Monday, September 25, 2017
Uttaran Das Gupta’s book opens to a photograph of a crumbling Delhi ruin and barbed wire flanked by one of people eating in a restaurant, served by the liveried bearers of days long passed. Das Gupta’s words are confessional, conversational and seduce you into his mind, which sometimes is funny: “I always knew he was a little weird but I didn’t/ know he was such a pervert. When did he/ write ask this?”, sometimes thoughtful: “around here, the buses discard/ automatons in a hurry”, and always true to his roots: “How did she accomplish/ that ecstatic raga of mustard fish?”.
The book is peppered by black and white photographs, mostly of Delhi, that make you stop and ponder, as poetry should do. There is a sense of time slowing down, of wondering about our regal (?) past amidst the decaying city.
Here, they’re always digging: gigantic cranes
turning up earth for baolis, the metro,
building foundations. (from The Hills Come Home)
Das Gupta often uses whimsical, unusual images, but does not leave the reader wondering; he makes his point, often, succinctly, and in no uncertain words: “Dusk comes too early;/ darkness obliterates out ruins… nearly.” And so through this haunting elegy mostly for a Delhi crumbling, falling into a man made destruction, there is a sense of hope. And love, always love.
As Philip Nikolayev says in the Preface about Das Gupta’s work and love, “Without love, our art quickly becomes as dry as cremated bones”. Love is generously sprinkled through these beautiful pages, sometimes a couplet about loss, as The Death Of A Poet — “Tonight, we’ll copulate/ near funeral pyres, wake up late”, sometimes regret:
I gave you whatever was left of me:
broken pens, cacti in pots, a dry sea;
and you gave me bright insects of the night,
tiny bulbs with wings, a jar full of light (from Go!)
Although on first glance, his poems seem to be written in free verse, in an easy, laconic style, you soon realise that most of his work rhymes and soon the wit, meter and the rhymes make you smile.
Visceral Metropolis is relentless in it’s pursuit to look at a city through many lens: nostalgia, love, revulsion, progress, climate change, and through everything, hope. Consider “There’s too much iron in the water at/ Malviya: it coats buckets, erodes taps”, and “we howl our sonnets/ at nocturnal trains, at tombs of sufis,/ and urchins who sell jasmines, rose garlands/ at a discount for assassin-poets”. Also, Das Gupta announces his obstinacy towards his craft when he says: “I’ve been hammering away so long at/ it, sweating blood like a slave at a/ pyramid construction site, that I don’t/ even have to try anymore: every/ word I touch metamorphoses into/ poetry.”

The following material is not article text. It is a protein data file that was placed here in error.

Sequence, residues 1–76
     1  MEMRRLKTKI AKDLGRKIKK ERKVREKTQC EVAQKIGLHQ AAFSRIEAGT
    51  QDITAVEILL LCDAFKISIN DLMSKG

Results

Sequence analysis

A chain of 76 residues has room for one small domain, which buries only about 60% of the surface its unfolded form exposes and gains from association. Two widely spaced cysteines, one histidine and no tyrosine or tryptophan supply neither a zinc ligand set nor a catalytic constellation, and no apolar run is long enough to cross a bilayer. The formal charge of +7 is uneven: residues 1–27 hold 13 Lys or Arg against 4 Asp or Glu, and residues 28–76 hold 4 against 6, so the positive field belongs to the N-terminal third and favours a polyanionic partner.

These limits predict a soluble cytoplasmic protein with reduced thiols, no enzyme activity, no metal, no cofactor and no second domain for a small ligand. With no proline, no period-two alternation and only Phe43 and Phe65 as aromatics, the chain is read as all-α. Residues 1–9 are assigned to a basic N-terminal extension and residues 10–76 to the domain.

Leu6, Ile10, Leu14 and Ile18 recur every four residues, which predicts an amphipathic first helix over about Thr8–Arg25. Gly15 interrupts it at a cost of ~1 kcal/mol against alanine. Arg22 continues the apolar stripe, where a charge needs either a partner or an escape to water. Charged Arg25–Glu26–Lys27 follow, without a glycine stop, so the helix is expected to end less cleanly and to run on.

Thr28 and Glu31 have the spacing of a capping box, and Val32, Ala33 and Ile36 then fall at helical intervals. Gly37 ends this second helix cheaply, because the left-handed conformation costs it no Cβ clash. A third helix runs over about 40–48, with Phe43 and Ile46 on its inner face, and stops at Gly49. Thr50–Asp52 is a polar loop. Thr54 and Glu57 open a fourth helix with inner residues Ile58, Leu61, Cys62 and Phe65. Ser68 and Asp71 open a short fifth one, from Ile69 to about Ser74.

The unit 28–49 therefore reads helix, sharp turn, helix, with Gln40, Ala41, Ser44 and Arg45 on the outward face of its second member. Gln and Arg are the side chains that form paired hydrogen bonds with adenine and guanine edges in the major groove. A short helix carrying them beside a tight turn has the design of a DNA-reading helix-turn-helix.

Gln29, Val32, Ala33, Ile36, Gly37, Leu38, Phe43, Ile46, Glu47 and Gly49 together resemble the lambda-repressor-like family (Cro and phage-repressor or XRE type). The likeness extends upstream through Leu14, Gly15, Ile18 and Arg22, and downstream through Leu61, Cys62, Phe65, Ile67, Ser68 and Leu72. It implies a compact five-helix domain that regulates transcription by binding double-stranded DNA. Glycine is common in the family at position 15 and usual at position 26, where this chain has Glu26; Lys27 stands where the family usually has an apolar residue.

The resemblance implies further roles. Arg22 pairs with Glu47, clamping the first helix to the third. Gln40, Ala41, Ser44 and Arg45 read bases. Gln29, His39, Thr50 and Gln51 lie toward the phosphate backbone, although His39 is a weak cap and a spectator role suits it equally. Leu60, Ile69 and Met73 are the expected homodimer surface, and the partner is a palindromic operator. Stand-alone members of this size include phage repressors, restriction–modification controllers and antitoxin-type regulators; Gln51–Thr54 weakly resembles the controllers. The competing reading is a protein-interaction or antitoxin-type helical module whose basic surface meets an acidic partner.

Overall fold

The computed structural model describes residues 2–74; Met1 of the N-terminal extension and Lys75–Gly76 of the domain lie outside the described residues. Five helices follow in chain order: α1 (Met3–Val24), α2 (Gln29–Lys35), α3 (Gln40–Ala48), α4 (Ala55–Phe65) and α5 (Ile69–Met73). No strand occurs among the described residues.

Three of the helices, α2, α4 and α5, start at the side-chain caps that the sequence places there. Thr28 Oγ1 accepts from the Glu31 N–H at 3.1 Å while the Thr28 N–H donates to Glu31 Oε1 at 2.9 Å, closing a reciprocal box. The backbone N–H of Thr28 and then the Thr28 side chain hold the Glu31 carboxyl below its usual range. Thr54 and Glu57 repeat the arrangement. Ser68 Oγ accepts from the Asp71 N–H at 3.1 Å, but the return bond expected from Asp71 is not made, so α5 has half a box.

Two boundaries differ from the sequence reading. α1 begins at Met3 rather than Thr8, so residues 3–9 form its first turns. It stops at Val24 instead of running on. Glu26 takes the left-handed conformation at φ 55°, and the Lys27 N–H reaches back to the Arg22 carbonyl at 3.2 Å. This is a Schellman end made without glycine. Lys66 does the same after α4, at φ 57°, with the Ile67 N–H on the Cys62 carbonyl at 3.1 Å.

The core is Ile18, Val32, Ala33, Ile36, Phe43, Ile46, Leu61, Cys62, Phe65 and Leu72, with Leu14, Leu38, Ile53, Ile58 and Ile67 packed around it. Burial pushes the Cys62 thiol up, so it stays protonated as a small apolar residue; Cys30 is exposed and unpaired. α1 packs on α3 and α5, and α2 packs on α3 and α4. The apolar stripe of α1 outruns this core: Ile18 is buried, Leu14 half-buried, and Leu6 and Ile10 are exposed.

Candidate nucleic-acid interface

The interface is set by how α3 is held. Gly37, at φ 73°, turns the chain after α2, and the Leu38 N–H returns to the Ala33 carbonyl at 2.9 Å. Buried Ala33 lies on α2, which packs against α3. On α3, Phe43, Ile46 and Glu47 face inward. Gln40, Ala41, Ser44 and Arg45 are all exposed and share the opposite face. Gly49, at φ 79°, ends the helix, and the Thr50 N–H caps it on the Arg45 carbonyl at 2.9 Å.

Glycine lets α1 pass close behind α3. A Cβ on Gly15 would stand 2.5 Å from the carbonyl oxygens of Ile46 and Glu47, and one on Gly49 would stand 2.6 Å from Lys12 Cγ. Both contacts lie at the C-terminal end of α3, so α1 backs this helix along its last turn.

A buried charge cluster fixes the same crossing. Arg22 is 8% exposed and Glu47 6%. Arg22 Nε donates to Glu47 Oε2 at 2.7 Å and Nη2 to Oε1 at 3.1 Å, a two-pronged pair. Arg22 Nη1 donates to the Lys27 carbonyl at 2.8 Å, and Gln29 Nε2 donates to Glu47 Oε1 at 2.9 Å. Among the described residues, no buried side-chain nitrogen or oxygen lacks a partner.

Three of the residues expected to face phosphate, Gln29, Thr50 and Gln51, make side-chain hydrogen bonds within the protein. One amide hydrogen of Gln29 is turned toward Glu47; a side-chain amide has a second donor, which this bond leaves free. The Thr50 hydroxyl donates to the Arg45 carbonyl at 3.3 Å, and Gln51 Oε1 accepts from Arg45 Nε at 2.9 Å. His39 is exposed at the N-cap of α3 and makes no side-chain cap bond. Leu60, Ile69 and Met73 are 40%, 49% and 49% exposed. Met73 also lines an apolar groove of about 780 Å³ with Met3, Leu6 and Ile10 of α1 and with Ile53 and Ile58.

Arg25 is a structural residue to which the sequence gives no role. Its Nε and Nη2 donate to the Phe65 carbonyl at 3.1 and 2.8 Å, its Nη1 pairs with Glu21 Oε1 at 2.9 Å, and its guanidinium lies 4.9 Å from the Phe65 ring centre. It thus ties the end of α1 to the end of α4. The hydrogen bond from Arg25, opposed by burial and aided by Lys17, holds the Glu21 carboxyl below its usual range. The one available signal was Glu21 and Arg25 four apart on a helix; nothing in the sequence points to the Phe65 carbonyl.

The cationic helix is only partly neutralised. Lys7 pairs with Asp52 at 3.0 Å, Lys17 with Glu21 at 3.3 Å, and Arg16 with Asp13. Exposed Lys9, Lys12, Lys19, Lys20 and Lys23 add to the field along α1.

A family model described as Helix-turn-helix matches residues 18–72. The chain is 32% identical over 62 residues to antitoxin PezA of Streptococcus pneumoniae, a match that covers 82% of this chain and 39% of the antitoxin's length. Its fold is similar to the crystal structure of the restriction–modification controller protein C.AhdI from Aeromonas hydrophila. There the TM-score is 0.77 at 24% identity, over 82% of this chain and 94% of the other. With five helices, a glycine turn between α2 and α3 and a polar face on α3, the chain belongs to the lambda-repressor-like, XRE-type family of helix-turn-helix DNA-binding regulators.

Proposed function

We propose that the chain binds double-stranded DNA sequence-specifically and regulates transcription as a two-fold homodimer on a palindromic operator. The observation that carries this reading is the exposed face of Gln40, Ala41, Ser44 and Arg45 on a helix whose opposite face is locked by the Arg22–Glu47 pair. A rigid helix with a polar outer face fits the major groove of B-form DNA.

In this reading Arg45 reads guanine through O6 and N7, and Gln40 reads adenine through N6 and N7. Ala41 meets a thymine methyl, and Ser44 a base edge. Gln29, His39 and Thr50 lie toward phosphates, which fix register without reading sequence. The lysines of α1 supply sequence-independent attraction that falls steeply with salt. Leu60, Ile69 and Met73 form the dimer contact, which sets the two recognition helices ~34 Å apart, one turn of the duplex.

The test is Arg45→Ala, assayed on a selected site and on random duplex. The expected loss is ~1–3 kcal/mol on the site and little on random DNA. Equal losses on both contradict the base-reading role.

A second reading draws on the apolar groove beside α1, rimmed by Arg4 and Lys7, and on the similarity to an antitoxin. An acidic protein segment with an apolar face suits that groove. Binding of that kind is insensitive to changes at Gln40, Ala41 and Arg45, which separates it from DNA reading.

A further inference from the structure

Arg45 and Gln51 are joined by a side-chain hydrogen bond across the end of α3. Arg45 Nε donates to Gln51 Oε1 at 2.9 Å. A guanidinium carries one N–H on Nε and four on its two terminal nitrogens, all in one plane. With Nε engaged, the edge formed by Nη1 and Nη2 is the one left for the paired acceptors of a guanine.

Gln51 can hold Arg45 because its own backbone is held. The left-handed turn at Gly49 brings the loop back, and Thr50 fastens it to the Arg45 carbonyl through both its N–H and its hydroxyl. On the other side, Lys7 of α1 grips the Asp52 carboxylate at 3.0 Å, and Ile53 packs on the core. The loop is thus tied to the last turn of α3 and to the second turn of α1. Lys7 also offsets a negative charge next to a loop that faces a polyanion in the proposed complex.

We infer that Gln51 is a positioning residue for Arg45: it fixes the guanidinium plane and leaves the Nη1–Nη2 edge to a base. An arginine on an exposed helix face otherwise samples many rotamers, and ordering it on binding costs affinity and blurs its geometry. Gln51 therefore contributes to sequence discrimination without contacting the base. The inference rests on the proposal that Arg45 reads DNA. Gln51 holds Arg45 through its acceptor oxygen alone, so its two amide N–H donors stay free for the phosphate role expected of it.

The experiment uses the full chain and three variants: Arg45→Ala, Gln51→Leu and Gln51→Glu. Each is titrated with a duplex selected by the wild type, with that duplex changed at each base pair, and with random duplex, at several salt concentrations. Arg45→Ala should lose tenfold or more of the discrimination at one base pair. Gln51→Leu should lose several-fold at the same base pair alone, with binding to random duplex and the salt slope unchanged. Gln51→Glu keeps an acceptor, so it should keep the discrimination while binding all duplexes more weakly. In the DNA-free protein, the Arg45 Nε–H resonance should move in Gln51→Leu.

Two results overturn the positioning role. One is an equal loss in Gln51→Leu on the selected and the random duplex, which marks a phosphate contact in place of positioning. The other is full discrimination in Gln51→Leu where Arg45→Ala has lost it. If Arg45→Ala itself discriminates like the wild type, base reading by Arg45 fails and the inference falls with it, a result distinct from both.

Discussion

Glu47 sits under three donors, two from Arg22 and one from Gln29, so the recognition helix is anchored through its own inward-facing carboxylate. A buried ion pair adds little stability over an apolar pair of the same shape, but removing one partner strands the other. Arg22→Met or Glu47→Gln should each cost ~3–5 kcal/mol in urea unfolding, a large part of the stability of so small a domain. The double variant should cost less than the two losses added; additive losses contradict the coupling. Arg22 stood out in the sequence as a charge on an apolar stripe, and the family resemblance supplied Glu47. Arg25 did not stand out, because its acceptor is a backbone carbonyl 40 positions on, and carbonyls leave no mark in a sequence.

For Das Gupta, memory is held in a deer park, in the hot chilli of momo sauce of Tibetan refugees, in the smog outside an auto, and what is always present in the memories of Delhi: yellow flowering amaltas. His anxious dissection into the very fabric of being alive in a decaying city is what makes these poems relatable, readable and very real. In his images of Chittaranjan Park and Constitution Club, Delhi comes alive and I can almost see and sometimes smell — a putrid odour of plastic waste and dead cows amidst the Delhi Sultanate ruins, skyscrapers, flyovers and strands of jasmine.
Despite these and sometimes because of these images, scents and tastes, there is a trembling grace that helps us question our very existence and what we are doing to the cities we inhabit through our existing. A facetious villanelle asks pertinent questions:
You’ve no problem waiting for food, films, wine;
so why this hullaballoo? India is great;
soldiers are dying. Don’t complain; all is fine.
Kashmir’s blind; Bastar burning. Yet you whine
for a fistful of rupees? Use plastic.
Get in line, people. Don’t panic; in line! (from Get in Line)
while air pollution features poignantly in October in Delhi:
This is a lost season of smog, despair:
a grey darkness —claustrophobia — strung
between falling balconies in Khirki,
and Baroque Raisina Hill domes. The air
of AC metro stations smells like dung
burning, suffocating medieval trees
in Jahapanah with particulate matter,
drowning all who can’t flee or scatter.
Visceral Metropolis is a cry from the city that can’t speak as it drowns; it is a love letter to his lost lover(s), to his lost cities, it is a war cry against profiteering, it is an eulogy to the many young women killed, raped lost in Women, Carpets: Public transport is inclement/ for women in this visceral/ city: autos belligerent,/ buses unsafe, the metro dull.
Reading, re-reading, contemplating this book, letting the verses roll around your tongue, you realise Das Gupta is successful in helping us see the cities we inhabit in a variety of ways. It is a call for arms for a city suffocating in its own waste. And it is a love letter amidst all the rage and angst.
Uttaran Das Gupta’s new book is published by a new independent publisher, i write imprint, headed by Dibyajyoti Sarma, himself an accomplished poet and translator. Sarma wants to specialise in poetry collections and chooses each project with care. As he says, “we need more poetry”. Indeed and Amen to that.
Visceral Metropolis by Uttaran Das Gupta
Shortlisted for the RL Poetry Award 2016
Publisher: I Write Imprint, June 2017
(Jhilmil Breckenridge is a poet and activist who runs Bhor Foundation in New Delhi).